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Borderline Resectable Pancreatic Carcinoma

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Presentation on theme: "Borderline Resectable Pancreatic Carcinoma"— Presentation transcript:

1 Borderline Resectable Pancreatic Carcinoma
BY AHMED M. BASHA Senior Registirar Surgical Oncology Unit

2 Background Complete surgical resection is the only potentially curative modality of treatment for pancreatic cancer. An initial assessment of resectability can usually be made based upon the preoperative triphasic contrast-enhanced CT scan of the pancreas. . Local unresectability is usually (but not always) due to vascular invasion, particularly of the superior mesenteric artery (SMA).


4 Intraoperative Assessment of Resectability
Inaccurate Incomplete gross resection provides no survival benefit compared to chemoradiation without surgery


6 Consensus-based NCCN guidelines define the following characteristics as indicating unresectability:
Head of pancreas lesions Greater than 180 degrees SMA encasement, any celiac abutment Unreconstructable SMV/portal vein occlusion Aortic invasion or encasement Body SMA or celiac encasement greater than 180 degrees Aortic invasion Tail For all sites Distant metastases Metastases to lymph nodes beyond the field of resection SMV SMA

7 Borderline resectable
definition is variable  consensus based definition NCCN , AHPBA, and cosponsored by the Society of Surgical Oncology and the Society for Surgery of the Alimentary tract include the following : No distant metastases. Venous involvement. Arterial involvement. SMV SMA

8 Borderline resectable
Venous involvement of the SMV/portal vein demonstrating tumor abutment with or without narrowing of the lumen, encasement of the SMV/portal vein but without encasement of the nearby arteries, or short segment venous occlusion resulting from either tumor thrombus or encasement, but with suitable vessel proximal and distal to the area of vessel involvement, allowing for safe resection and reconstruction

9 Borderline resectable
Arterial involvement GDA encasement up to the hepatic artery with either short segment encasement or direct tumor abutment of the hepatic artery, without extension to the celiac axis. Tumor abutment of the SMA not to exceed >180 degrees of the circumference of the vessel wall.

10 Treatment At some institutions, these patients are treated with upfront surgical exploration and resection, if technically feasible. However, at other centers, in an attempt to increase the likelihood of a margin-negative resection, such patients are treated initially with Neoadjuvant therapy (chemotherapy, chemoradiotherapy or both) followed by restaging and surgical reevaluation.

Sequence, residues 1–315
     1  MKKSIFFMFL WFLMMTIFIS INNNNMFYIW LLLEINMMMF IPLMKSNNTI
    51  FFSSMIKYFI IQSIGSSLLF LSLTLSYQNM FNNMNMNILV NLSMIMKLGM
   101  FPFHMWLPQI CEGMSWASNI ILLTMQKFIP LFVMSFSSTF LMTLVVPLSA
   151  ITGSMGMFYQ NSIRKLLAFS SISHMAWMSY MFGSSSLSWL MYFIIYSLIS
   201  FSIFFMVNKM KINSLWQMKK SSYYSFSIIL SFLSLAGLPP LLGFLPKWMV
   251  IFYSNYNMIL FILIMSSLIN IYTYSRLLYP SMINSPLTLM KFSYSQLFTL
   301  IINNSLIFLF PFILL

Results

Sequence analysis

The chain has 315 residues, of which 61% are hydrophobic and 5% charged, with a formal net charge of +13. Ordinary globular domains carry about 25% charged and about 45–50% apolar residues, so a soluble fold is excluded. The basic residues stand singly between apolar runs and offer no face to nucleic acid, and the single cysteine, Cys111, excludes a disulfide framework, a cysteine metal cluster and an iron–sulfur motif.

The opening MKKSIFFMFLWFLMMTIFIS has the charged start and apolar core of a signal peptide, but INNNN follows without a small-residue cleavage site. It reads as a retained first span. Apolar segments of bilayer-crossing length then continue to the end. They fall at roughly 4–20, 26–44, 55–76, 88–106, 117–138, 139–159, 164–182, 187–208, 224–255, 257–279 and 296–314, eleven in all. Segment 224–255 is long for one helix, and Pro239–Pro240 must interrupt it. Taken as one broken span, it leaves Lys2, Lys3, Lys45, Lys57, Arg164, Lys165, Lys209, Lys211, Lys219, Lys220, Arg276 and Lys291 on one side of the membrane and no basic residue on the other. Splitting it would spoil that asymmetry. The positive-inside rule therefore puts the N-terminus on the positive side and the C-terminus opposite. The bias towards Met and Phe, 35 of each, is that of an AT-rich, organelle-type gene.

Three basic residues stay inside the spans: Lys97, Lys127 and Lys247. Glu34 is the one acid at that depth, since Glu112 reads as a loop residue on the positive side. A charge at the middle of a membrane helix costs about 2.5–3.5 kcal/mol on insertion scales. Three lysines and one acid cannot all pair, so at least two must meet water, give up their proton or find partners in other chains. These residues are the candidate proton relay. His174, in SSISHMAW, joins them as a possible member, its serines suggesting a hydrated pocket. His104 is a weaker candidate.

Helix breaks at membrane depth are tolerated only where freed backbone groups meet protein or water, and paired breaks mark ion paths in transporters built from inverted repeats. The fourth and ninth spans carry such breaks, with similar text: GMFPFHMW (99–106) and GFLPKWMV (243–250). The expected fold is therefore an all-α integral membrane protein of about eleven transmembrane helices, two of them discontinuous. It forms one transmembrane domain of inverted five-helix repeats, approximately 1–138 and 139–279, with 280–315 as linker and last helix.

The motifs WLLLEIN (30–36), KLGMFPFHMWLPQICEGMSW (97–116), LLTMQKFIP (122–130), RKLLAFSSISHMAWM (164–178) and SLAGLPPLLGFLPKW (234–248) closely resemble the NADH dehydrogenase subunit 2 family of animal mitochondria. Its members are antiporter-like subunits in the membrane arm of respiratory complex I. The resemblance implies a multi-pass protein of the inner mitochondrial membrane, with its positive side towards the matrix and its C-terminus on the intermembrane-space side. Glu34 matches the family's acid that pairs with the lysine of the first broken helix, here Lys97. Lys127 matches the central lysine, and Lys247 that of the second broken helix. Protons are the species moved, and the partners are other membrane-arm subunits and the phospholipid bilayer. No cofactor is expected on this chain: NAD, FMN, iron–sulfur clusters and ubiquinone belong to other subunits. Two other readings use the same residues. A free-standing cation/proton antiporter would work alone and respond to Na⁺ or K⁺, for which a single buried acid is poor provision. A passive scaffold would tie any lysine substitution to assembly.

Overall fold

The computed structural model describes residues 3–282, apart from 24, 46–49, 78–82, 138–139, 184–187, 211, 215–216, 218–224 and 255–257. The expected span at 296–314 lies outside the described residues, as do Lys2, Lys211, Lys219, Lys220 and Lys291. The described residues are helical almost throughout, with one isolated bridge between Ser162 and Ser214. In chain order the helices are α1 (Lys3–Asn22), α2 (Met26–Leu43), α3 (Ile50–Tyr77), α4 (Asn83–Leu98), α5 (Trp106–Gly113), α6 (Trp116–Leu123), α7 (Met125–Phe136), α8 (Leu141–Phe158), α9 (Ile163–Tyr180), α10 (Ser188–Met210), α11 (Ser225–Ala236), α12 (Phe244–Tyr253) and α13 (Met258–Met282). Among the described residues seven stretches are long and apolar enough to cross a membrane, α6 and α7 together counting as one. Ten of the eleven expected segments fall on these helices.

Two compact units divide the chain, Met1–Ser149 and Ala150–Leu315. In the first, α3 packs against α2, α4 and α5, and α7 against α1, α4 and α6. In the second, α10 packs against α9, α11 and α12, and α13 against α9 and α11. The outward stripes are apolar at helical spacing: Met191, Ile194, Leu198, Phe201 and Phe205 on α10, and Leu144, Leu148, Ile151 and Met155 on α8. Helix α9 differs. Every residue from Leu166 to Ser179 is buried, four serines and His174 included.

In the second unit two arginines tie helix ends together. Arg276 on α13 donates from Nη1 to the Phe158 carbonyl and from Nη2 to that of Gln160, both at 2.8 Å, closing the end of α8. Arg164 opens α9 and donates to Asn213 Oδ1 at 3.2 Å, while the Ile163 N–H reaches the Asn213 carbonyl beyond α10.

11 ALL the available data utilizing neoadjuvant therapy in patients with borderline resectable disease consist mainly of small single institution series and small phase II (uncontrolled) trials in which a mixture of patients with initially resectable, unresectable, and borderline resectable disease were enrolled

12 MD Anderson Trial 160 patients who were classified as borderline resectable 125 completed neoadjuvant therapy (induction chemotherapy in 82; chemoradiotherapy in 117) and were restaged

13 MD Anderson Trial 82 had potentially operative tumors, of whom 79 underwent an operation; 66 were resected, 62 with microscopically negative margins (38 % of the original cohort). At a median follow-up of 27 months Among the 66 patients who completed all therapy, the five-year survival was 36 %, and 27 patients remained free of disease progression at last follow-up.

14 saph vein patch Rev saph vein graft divided CHA bile duct PV Spl A
Spl V SMV 492495

15 A meta-analysis of phase II trials
suggest that in some cases where resectability is borderline on the basis of vascular involvement, Neoadjuvant chemotherapy, chemoradiotherapy, or a combined approach is feasible and may contribute to complete resection and long-term survival. However, whether this approach is superior to upfront surgery followed by adjuvant therapy is not established. Furthermore, the best regimen to use for neoadjuvant therapy in this setting is not established.





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